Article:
They have certainly surpassed their initial pledge and have now helped over 250,000 children get an education in some of the toughest countries in the world (Afghanistan, Bangladesh, Democratic Republic of Congo, Liberia, and of course Sierra Leone amongst others).
Street Child believes (as do I) that every kid deserves an education and that achieving universal basic education is the largest step we can take in eradicating poverty globally. They provide psycho-social support, quality education and family business support whilst at the same time finding these kids a secure home, all of which ensures a much brighter future for the poorest kids of Sierra Leone.
If you don’t think my challenge is crazy enough to be worthy of a donation then surely the work Street Child do is!
What will I be doing in Sierra Leone?
Aside from running (obviously), I will also be spending time getting to know the country and the work that Street Child does. We will be travelling through Sierra Leone’s lush green landscapes to visit some of Street Childs most remote projects so we can get an understanding of the challenges that children living in rural communities face whilst learning about the work they do building schools and teaching teachers.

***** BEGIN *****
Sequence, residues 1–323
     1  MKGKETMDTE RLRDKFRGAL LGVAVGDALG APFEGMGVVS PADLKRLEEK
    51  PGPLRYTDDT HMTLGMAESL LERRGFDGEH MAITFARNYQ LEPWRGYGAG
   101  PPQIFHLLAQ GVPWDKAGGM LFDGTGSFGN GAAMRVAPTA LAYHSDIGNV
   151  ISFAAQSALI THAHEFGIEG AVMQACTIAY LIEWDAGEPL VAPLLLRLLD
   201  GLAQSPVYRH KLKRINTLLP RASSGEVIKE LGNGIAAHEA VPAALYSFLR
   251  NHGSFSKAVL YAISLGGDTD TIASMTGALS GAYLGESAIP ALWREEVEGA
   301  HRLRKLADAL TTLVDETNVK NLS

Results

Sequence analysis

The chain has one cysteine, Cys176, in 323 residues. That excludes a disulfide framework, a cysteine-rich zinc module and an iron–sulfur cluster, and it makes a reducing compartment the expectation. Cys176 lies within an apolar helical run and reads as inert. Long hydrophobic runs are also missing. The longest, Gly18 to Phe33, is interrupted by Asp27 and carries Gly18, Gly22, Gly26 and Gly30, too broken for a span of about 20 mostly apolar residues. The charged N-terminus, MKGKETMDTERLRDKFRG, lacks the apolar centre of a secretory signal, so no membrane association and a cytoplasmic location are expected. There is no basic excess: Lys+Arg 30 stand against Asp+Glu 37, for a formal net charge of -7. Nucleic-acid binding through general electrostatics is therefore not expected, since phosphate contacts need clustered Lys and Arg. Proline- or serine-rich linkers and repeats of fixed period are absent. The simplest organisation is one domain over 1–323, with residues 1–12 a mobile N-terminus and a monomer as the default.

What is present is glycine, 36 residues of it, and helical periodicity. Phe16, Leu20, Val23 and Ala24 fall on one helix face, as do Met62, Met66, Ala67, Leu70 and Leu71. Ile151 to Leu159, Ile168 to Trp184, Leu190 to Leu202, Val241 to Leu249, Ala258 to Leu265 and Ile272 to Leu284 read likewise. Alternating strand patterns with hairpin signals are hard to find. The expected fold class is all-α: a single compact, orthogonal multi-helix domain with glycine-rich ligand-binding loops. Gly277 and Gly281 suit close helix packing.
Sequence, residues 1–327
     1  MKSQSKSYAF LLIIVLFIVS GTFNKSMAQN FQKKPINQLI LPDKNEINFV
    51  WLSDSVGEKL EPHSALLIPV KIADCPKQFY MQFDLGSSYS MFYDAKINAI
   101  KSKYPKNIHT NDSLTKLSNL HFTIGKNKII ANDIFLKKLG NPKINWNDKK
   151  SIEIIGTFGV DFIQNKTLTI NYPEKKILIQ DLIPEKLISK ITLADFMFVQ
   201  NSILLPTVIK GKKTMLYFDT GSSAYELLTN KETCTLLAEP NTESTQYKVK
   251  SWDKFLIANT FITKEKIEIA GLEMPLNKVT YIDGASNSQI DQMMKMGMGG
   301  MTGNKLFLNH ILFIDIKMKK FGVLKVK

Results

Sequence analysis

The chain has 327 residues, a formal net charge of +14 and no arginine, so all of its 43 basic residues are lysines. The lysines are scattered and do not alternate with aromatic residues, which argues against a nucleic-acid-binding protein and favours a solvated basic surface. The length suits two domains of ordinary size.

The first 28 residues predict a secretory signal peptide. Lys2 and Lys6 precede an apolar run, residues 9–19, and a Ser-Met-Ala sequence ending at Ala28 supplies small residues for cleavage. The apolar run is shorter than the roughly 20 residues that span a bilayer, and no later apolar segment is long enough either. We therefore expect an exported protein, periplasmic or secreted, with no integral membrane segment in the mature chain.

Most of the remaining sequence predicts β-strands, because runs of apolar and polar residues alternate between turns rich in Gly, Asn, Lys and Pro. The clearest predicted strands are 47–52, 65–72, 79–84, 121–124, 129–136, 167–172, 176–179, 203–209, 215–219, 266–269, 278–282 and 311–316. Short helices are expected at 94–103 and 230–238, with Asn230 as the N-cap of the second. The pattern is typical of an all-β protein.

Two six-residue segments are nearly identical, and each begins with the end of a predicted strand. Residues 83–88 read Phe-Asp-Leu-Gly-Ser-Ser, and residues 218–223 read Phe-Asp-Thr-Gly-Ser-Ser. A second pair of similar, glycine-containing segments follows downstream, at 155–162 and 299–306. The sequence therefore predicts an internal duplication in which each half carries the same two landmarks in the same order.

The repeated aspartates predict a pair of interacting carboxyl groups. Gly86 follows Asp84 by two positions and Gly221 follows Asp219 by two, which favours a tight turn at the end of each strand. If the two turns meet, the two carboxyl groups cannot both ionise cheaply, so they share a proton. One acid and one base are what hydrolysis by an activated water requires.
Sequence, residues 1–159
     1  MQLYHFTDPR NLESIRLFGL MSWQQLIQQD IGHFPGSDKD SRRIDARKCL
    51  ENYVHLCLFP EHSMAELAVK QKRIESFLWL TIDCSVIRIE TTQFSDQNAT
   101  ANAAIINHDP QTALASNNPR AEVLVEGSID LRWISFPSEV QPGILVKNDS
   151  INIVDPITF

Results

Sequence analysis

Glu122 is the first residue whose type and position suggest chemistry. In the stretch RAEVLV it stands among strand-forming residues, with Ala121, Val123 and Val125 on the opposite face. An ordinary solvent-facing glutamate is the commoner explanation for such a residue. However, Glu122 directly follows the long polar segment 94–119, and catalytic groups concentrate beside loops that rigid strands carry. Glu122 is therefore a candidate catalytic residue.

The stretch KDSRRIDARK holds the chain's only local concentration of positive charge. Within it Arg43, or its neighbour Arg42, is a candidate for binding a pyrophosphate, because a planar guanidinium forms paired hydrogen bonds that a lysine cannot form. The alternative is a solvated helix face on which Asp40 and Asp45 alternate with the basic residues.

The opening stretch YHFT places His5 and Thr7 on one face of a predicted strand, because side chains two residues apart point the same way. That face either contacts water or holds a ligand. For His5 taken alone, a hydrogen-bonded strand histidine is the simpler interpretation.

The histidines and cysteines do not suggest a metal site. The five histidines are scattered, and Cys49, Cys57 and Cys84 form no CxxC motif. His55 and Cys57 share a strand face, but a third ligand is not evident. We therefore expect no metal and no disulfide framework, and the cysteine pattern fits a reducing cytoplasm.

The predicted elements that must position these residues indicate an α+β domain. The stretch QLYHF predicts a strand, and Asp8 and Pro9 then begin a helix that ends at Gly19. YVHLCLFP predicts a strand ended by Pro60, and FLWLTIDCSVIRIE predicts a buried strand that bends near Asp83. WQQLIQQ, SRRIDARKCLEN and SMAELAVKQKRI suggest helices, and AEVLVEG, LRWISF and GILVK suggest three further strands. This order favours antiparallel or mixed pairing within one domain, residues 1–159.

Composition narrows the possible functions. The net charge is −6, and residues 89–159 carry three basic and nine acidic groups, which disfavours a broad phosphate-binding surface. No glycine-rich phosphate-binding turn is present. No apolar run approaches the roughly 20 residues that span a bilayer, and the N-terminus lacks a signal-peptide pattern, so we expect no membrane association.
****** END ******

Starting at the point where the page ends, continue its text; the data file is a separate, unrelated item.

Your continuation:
We will get involved in the hustle and bustle of towns and cities to see the businesses they have helped set up to allow families to support their children’s education. We will also get a chance to learn from the team on the ground about how they identify the kids that need help and what steps they take to deliver it.
Finally, we will learn about their efforts into creating equal opportunities for girls (who’s need for education is perceived as being inferior) and those who have a disability.
I’m truly looking forward to learning everything there is to know and I hope to have some great tales to share with you on my return. You never know! Maybe you will enjoy it enough that you add Sierra Leone to your travel list!
Whether you do it because you like to see me suffer, or whether you do it because like me, you want to help give these kids an opportunity to a better life, if you can spare some money, even if it is just £1, please donate. It will make a huge difference to someone that really needs it!
You can donate by clicking here or on the link below. Please don’t forget to Gift Aid.
I will be posting regular updates on my page to let you know how my training is going so feel free to check in!